Bosch, the component manufacturer, believes that sales of diesel cars will reach 35% of the UK market by 2005. 


Certainly, the demand for diesel power has fuelled considerable growth in the market this year, with car manufacturers scrambling to keep pace with new technological developments.


The UK division of automotive component manufacturer Robert Bosch has predicted a continuing increase in the sales penetration of diesel power in the UK market. The company estimates that by 2005, as many as 35% of new car sales will be diesel-powered.


Bosch has worked with several vehicle manufacturers in developing new technologies for diesel engines, which were once regarded as noisy, dirty, and underpowered.


However, in recent years vehicle manufacturers have put much of their engine resources into diesel engine development. The move has been driven by the lower taxes on diesel fuel in mainland Europe, which governments have introduced because of the lower levels of CO2 emitted, and by emissions targets set by the EU.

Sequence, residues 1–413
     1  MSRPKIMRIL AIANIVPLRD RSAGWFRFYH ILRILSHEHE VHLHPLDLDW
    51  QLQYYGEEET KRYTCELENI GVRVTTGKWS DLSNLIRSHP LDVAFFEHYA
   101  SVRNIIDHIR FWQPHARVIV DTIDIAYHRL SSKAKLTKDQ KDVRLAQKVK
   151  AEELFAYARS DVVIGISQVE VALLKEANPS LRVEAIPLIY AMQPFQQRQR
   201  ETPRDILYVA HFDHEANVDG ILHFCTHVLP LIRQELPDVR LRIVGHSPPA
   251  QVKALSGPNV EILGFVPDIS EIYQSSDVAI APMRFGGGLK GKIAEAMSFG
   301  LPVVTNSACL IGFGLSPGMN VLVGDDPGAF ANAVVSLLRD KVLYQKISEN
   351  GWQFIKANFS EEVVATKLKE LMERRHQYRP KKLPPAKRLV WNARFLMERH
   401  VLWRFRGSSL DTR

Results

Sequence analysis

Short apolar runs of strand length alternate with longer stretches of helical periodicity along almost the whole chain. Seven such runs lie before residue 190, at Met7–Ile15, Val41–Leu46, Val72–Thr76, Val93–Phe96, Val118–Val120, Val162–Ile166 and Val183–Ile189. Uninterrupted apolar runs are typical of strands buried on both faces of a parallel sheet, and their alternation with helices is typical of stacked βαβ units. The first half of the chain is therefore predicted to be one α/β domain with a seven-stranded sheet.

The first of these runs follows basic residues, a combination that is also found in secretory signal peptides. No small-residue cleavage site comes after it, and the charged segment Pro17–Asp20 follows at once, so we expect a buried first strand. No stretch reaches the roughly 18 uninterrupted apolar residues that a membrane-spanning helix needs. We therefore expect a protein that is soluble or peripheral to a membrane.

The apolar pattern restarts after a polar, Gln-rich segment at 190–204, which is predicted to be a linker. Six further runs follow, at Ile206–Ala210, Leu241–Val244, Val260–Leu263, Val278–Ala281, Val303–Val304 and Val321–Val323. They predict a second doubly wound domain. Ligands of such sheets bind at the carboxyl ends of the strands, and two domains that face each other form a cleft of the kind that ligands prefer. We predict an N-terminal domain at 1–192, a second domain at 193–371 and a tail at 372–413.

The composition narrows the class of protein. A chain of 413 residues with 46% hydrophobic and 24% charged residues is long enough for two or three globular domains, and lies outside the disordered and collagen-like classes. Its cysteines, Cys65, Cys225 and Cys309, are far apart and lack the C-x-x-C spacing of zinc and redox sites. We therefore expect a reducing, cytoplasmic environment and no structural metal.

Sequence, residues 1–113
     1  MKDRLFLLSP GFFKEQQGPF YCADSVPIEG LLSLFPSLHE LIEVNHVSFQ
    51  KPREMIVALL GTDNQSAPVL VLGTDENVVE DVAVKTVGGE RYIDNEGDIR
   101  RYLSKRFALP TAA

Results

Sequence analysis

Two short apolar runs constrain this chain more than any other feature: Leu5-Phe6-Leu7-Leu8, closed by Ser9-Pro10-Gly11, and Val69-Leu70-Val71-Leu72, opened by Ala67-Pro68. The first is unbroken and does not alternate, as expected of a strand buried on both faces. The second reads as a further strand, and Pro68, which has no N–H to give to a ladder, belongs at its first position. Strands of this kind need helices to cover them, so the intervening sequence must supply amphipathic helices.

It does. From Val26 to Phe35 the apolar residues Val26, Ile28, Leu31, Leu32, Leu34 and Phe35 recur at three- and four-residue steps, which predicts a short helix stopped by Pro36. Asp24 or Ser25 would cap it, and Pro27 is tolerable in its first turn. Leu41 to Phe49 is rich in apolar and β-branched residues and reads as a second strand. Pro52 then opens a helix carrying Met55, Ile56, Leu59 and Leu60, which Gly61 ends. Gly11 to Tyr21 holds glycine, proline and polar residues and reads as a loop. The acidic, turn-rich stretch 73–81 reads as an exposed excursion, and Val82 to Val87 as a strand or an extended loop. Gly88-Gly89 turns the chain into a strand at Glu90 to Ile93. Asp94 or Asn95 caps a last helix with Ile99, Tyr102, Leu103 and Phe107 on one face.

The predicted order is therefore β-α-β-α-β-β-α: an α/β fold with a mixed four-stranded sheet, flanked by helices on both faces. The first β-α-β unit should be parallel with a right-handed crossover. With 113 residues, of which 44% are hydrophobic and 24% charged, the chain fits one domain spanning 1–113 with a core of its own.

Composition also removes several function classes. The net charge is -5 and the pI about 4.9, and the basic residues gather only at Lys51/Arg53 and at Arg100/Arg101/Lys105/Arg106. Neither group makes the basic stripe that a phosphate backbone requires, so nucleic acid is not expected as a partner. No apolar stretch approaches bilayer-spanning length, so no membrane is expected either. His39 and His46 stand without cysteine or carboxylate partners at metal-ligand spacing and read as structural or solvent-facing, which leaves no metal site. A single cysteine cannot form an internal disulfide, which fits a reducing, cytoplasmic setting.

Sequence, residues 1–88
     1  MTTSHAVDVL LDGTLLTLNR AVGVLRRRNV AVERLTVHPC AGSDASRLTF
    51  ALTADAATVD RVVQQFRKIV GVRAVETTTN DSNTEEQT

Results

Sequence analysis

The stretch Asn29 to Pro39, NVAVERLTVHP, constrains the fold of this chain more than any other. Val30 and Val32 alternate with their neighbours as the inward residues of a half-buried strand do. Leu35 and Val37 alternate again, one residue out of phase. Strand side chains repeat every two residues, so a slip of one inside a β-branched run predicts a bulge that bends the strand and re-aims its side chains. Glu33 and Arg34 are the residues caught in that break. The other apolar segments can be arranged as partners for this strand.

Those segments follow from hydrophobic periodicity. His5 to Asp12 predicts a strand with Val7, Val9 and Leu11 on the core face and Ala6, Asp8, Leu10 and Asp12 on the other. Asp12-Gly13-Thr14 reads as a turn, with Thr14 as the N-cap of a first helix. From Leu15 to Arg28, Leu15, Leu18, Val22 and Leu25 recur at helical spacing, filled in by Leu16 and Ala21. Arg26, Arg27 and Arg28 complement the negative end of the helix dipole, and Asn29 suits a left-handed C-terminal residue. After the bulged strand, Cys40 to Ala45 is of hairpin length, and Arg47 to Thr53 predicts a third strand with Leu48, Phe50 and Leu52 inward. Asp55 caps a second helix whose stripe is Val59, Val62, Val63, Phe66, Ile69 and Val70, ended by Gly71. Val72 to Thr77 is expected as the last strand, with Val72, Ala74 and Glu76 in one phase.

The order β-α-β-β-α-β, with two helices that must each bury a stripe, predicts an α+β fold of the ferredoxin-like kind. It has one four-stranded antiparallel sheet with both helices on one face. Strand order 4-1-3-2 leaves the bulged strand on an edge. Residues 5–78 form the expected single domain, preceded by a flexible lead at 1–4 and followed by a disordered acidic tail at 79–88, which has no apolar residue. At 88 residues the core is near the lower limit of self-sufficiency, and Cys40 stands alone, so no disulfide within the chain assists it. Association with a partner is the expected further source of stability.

While the uptake of diesel engines has been slower than in France or Spain, recent changes to the taxation of company cars in the UK have accelerated the growth of diesel sales.  They too are now taxed according to the levels of CO2 emitted, making diesel the logical choice for many company car drivers.


The winners in the diesel war have so far been Volkswagen and Peugeot/Citroen at the volume end of the market, and BMW in the prestige sector. Both Ford and Mercedes Benz have now introduced diesel models that are capable of challenging the market leaders. As a result, 50% of all Mercedes Benz flagship S Class models sold in the UK are now diesel powered, something that would have been unthinkable in such a car only a few years ago.


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